The tearing of the curtain

Jen Bradbury
Apr 11 · 5 min read

Several years ago during an overnight event at the church I served, my high school youth ministry filed into our sanctuary and participated in a prayer ritual around the altar that involved lit candles. Unbeknownst to me, the wax from the candles destroyed the altar’s covering.

When the ruined covering was discovered, there was hell to pay.

People questioned, “Why would you let teenagers light candles on the altar?”

I’d respond by explaining, “Because we light candles on the altar every Sunday in worship and I was trying to create an environment where our teenagers could connect with God in a powerful way.”

What I learned that week was that young people’s encounters with God were less important than protecting the altar space in the sanctuary.

Sadly, I’ve seen this play out in other ways as well.

In many faith communities, only the pastor is allowed to stand behind the altar.

That’s why it’s been so striking to me that at our new church, each week at the start of communion, the pastor invites children to come forward and to stand with him behind the altar. The result is a holy cacophony the likes of which I’ve never seen before.

Every week, children race down the aisle towards the altar as Father George stands there, patiently waiting for them to arrive before he begins the communion liturgy, knowing that they’ll see and experience communion differently from behind the altar than they would from anywhere else in the sanctuary.

Since the practice began months ago, it’s continued to evolve. When clergy realized the smallest children couldn’t see over the altar (despite being up front), they ordered stools for them to stand on to make the space more inviting to them.

Some weeks, young people bring whatever they’ve brought to church forward with them… which means that occasionally, Barbie and stuffed animals also come to the altar.

Now, when Father George talks about “the gifts of God for the people of God,” he hands off the communion elements to children to hold high above their heads, further integrating them into the practice of communion.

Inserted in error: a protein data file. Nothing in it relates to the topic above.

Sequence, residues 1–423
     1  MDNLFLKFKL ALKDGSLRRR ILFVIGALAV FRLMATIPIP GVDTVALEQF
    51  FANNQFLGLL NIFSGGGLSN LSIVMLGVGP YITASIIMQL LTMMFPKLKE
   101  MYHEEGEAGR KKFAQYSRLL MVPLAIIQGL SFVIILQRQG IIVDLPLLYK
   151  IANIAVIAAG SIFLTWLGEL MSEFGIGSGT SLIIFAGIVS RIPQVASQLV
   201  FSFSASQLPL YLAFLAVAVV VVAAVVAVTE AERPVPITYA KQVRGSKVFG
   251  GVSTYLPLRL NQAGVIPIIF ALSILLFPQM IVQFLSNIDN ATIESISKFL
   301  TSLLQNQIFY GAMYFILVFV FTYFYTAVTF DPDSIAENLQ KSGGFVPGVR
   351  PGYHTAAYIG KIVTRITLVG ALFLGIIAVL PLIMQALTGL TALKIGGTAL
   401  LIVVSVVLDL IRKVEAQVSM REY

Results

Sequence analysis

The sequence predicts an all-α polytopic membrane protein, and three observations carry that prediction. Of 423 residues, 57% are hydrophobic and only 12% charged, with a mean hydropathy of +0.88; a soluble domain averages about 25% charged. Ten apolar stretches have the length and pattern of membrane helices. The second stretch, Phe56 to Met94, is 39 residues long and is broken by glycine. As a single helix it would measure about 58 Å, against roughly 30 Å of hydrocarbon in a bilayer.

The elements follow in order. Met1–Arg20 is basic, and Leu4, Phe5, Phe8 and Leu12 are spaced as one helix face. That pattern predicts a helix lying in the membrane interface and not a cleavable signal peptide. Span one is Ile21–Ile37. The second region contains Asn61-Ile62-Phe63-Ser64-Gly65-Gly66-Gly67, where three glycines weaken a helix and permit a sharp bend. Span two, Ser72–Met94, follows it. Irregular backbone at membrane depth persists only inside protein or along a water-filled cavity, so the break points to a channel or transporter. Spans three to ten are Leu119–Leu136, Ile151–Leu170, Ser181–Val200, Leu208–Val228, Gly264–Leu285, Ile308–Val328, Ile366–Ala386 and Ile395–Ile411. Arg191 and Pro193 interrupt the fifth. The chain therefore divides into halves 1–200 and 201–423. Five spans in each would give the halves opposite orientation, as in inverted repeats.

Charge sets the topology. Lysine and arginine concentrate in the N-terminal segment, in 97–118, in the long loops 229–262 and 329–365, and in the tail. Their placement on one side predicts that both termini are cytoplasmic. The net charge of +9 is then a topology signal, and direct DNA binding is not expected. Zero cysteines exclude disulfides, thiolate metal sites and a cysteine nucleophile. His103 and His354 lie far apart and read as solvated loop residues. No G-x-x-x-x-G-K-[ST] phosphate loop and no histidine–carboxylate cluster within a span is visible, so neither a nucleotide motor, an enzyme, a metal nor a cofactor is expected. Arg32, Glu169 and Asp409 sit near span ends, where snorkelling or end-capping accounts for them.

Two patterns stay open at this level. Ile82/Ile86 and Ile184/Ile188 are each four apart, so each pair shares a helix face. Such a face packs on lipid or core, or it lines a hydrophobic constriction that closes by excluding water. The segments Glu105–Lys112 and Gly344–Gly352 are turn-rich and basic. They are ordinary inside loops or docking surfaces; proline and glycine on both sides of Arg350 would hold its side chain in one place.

The practice is messy and chaotic, and some weeks, I legitimately worry that a child (or more specifically, my child) will drop the wine carafe.

And one day, that may very well happen but here’s the thing: Even if they did, this practice would still be worth it. Through it, children are engaging in worship; they’re encountering God; and they’re coming to a table God has already invited them to. What’s more, the grown ups are also learning that when we say all our welcome at God’s table, we really mean all.

I’ve fallen in love with this practice and am thrilled each week when my daughters, Hope (7) and Kendall (3), race forward to join the mayhem.

That said, I fully expected this beloved practice to disappear on Easter. After all, Easter is the Sunday when the church is full; when we have to be at our best, most excellent selves in order to welcome visitors. Amidst a crazy day, packed sanctuaries, and carefully orchestrated worship timelines, who’s got time for kids to get situated behind the altar before beginning the communion liturgy?

Apparently, Father George.

When communion rolled around, like usual, Father George invited the children forward and off they went, this time in their Sunday best (which is not always how they’re dressed, mine included.)

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As they moved forward, all I could think about is the Scripture passage that says that at Jesus’ death, the temple curtain ripped in two, from top to bottom. Many people understand this to mean that the Holy of Holies - the area of the temple that only priests could enter at select times of the year - was now open to all.

On Easter, as I watched Hope and Kendall stand at the altar with Father George, that’s what I saw: a visible reminder that even the most sacred places are meant for ALL people; that neither an altar nor its covering is more important than people.

As I’ve sat with this image over the last 24 hours, I’ve found myself remembering those questions about the ruined altar covering from years ago: “Why would you let teenagers light candles on the altar?”

What I couldn’t articulate then, but I could now is that I let teenagers light candles on the altar because it’s theirs.

That most sacred part of the sanctuary is theirs just as much as it’s mine or yours or the pastor’s.

The curtain is gone. The veil has been ripped.

And everyone is welcome at the table.